To call Joe Barnard an “amateur” rocketeer is something of a misnomer.
As the founder of Barnard Propulsion Systems (BPS), a small business making flight hardware for other amateur rocketeers, the 25-year-old Nashville resident is working on cracking propulsive landings for model rockets. This is the same principle that allows SpaceX to land the first stage of its Falcon 9 rockets after boosting a payload to orbit, but it has never been demonstrated in hobby rocketry before.
The key to propulsive landings is thrust vectoring, which enables control over the direction of a rocket’s engines during flight to change its trajectory and stabilize the vehicle. Barnard is a pioneer in DIY thrust vectoring, and in the last few months he’s harnessed the technique to test self-landing model-scale rockets. As some of the most recent videos on his YouTube channel demonstrate, there are still a few kinks left to work out, but it’s pretty impressive what he’s managed to accomplish so far.
Although thrust vectoring has been used in the aerospace industry for nearly a century, it was a technology generally considered to be too complex and expensive for amateur use. Barnard wants to change that.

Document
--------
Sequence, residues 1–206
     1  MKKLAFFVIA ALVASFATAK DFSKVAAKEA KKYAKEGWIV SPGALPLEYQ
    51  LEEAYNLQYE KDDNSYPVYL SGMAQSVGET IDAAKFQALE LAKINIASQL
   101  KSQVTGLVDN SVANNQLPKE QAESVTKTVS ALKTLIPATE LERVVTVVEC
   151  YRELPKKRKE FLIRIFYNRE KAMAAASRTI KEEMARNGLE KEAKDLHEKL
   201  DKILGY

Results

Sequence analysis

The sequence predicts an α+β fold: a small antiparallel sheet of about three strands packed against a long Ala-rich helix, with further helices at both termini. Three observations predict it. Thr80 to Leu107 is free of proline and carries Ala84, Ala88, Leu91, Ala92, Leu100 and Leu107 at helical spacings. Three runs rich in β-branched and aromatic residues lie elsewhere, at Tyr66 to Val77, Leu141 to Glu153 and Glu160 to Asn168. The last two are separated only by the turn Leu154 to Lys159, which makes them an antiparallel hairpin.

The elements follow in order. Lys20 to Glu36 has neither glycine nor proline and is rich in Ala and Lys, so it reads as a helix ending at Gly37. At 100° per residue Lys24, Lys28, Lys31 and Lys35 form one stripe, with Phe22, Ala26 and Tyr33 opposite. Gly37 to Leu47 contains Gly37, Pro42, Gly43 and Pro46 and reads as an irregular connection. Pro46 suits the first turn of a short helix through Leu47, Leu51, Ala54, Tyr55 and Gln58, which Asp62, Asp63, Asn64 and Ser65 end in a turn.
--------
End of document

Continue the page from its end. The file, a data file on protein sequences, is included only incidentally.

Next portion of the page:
“There have been maybe five independent projects in the last ten years trying to incorporate thrust vectoring in their rockets,” Barnard told me on the phone. “Generally speaking it doesn’t go so well or it never gets to the point of flying. No one else has carried it through to the point where I’m at right now.”
Over the last three years, Barnard has managed to turn his rocketry hobby into a full-time gig. Watching videos of his rockets, which include scale replicas of SpaceX’s Falcon 9 and Rocket Lab’s Electron, it’s hard to believe he doesn’t come from a technical background.
A test flight of Barnard's SpaceX Falcon Heavy Replica. Image: Joe Barnard/BPS Space
Although Barnard’s father worked on rocket propulsion back in the 90s, Barnard attended Berklee College of Music and worked as a videographer after graduating. He said he became interested in the aerospace industry after watching videos of early SpaceX flights. His initial goal with starting BPS was to attract the attention of aerospace companies and eventually transition into the industry.
“Aerospace is a really exciting industry and I decided that’s where I wanted to work, but I didn’t feel like I could afford to go back to school,” Barnard said. “I also learn better through teaching myself things so I bought a bunch of textbooks and got to work.”
When he first started out, Barnard was truly working from scratch. He had to teach himself not only the basics of rocketry, a complex mix of physics and chemistry, but also how to assemble hardware and write the software programs to control it. Barnard said the most difficult part was learning how to write the flight control software, which required him to learn programming languages like C++ and Swift.
“The hardest part is getting a flight computer to understand how to point itself in the right direction without wobbling around a bunch,” Barnard said. “This is a control problem that usually only super advanced aerospace engineers are doing to fly things to space. They have tons of computing power and resources, whereas I’m trying to make this happen basically using a glorified Arduino.”